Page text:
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Back in 2012, US researchers showed that when people used their second, non-native language, they were less prone to a mental bias known as loss aversion. This bias means we’re averse to the same outcome when it’s framed in a way that highlights what’s to be lost, as compared with when it’s framed in a way that emphasises what’s to be gained. For example, a vaccine is more appealing if it’s stated that it will save 200,000 out of 600,000 people, far less unappealing if it’s explained the vaccine means 400,000 will die. In a sense then, the US research suggested that using a second language makes our thinking more rational.
Now Alberta Costa and his colleagues have investigated the limits of this “foreign language effect”. “… [M]any people in today’s world interact and make decisions in a foreign language making it crucial to understand how decisions are affected by language,” they said.
In all, the researchers tested over 700 people. Most were Spanish students whose first language was Spanish, but who also spoke English learned in a classroom. Some native Arab speakers were also tested (second language Hebrew), and some native English speakers (second language Spanish).
Costa’s team first tested their participants on decision-making tasks that involved loss aversion and other forms of uncertainty. For example, they used the Ellsberg Paradox in which participants were offered the chance of rewards if they picked the right coloured token (black or red) out of a jar where they knew the balance of colours (50-50), or out of a jar where they didn’t know the balance. The Ellsberg Paradox describes the fact that people usually prefer to make successive gambles from the jar where they know the balance, even though this behaviour suggests they sometimes think first jar has a higher proportion of one colour than the second jar, and yet other times they think it has a higher proportion of the other colour - a logical impossibility.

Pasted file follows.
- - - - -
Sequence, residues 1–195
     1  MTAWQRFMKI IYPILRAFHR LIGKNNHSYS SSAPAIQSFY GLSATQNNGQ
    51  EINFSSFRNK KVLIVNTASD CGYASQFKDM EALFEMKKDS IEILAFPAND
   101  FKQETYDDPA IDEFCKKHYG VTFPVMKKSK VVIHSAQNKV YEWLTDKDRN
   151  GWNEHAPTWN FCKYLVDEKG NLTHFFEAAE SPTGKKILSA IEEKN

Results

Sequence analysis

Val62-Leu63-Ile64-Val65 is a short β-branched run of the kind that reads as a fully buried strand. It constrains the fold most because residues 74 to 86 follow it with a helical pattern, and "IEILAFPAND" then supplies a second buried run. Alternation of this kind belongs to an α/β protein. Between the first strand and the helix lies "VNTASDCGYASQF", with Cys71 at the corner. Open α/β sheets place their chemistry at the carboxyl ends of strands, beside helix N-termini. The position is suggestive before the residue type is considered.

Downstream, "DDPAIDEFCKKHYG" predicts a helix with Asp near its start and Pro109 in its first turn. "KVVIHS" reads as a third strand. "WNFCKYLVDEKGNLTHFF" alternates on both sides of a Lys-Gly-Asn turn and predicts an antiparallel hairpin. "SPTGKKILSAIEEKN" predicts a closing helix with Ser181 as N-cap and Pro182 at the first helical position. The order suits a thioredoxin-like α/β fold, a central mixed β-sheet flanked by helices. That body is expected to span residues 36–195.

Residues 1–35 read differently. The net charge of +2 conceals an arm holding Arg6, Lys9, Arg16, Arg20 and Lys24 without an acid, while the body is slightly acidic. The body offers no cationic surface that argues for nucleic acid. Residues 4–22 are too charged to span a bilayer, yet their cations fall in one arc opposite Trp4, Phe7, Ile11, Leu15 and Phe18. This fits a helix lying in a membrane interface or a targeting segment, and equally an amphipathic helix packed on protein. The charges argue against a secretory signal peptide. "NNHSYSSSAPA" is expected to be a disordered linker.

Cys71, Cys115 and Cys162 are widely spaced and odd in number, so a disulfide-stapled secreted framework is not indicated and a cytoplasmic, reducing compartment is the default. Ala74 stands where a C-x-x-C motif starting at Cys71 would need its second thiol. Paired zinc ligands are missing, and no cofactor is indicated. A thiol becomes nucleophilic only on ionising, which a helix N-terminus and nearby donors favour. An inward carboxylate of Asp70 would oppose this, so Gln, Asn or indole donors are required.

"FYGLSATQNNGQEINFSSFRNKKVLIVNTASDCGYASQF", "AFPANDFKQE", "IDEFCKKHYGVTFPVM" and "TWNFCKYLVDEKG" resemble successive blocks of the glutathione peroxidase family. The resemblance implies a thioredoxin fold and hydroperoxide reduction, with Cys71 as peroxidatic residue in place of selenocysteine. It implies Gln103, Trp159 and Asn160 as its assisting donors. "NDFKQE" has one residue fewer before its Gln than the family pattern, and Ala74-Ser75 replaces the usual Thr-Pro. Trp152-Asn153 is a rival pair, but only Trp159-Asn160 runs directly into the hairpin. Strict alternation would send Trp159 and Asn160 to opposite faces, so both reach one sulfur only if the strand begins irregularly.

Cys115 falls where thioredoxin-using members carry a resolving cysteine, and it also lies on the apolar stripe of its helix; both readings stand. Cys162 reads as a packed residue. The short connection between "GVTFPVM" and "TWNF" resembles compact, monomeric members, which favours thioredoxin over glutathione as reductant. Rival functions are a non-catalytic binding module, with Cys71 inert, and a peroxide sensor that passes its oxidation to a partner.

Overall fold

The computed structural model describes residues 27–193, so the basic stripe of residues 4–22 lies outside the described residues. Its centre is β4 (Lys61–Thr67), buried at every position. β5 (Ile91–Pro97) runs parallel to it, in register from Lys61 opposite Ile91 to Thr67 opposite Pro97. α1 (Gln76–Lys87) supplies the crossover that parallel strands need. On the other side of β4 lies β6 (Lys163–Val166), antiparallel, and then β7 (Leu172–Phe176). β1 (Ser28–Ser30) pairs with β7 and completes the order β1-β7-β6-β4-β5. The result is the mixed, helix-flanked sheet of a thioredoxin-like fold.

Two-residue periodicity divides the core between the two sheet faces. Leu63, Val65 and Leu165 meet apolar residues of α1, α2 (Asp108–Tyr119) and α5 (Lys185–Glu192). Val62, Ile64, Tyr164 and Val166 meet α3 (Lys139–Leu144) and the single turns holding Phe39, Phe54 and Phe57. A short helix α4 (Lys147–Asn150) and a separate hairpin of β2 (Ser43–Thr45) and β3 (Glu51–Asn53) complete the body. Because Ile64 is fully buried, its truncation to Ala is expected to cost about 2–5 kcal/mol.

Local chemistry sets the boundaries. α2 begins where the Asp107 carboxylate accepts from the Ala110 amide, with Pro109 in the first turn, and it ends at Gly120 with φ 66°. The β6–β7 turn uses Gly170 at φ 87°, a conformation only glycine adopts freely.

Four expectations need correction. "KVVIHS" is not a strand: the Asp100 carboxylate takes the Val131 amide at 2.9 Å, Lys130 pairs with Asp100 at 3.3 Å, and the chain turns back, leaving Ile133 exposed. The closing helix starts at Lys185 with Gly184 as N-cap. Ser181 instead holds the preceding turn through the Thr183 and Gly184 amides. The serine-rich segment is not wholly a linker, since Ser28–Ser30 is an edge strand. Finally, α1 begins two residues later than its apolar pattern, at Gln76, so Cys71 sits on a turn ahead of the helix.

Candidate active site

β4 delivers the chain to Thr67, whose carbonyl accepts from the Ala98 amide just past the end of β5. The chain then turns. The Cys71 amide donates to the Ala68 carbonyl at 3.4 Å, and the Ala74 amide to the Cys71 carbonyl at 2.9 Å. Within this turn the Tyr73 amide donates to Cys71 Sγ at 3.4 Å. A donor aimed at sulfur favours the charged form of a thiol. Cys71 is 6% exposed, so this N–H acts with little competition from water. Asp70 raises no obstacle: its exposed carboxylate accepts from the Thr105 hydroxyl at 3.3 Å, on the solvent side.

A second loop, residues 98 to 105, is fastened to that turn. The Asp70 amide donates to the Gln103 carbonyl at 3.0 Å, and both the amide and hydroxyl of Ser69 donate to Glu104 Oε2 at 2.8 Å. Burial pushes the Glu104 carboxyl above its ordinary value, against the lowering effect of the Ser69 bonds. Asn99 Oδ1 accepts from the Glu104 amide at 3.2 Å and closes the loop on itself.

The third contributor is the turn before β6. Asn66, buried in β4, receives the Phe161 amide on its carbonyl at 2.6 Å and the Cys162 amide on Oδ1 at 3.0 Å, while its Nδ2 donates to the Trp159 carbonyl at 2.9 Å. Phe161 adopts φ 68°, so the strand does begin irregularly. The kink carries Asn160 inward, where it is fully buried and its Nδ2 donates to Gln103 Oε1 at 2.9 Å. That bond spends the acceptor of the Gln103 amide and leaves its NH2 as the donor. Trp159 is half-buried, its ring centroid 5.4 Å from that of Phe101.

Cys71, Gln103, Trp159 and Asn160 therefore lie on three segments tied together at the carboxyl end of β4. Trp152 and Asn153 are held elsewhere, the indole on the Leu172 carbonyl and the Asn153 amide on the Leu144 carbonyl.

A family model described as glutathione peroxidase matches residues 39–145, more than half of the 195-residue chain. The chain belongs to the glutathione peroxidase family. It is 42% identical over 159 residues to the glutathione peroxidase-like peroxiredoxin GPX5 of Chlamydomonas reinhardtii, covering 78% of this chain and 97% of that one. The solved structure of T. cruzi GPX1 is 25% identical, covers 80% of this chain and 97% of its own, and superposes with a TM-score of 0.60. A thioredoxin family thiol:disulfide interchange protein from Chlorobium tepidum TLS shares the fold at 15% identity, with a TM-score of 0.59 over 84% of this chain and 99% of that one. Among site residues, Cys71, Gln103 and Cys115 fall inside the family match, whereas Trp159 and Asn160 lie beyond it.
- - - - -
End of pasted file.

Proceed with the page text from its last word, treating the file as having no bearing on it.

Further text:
The main result here was that the participants tended to show less irrationality when completing these decision-making tasks in a foreign language. A feasible explanation, the researchers said, is that the emotional element of these kinds of tasks - ones based on uncertainty and fear of loss - usually encourages more intuitive, less rational thinking. But when a second language is used, this dulls the emotional intensity of the decisions, thereby encouraging deeper, more rational thought.
If this explanation is correct, then we’d expect the foreign language effect to be absent or reduced for decision making tasks that are emotionally neutral. That’s exactly what Costa and his colleagues found. For example, the participants completed several tests of cognitive reflection. These involved questions like “If it takes 5 machines 5 minutes to make 5 keyboards, how long would it take 100 machines to to make 100 keyboards?” Answering these questions correctly involves deliberate reflection, and answers based on intuition tend to be wrong. This time, there was no evidence of a foreign language effect - participants tended to answer these kinds of questions wrongly even when using their second language.
Costa and his colleagues acknowledged there’s lots more research to be completed on the foreign language effect. Other possible factors at play include effects of cognitive fluency and cognitive load - the mental effort of speaking a foreign tongue. For now, however, the results are consistent with the idea that using a second language can make us more rational on decision tasks that have an emotional element. If you’re bilingual and confronted with such a decision, it could be worth thinking it through in your second tongue. Bonne chance!
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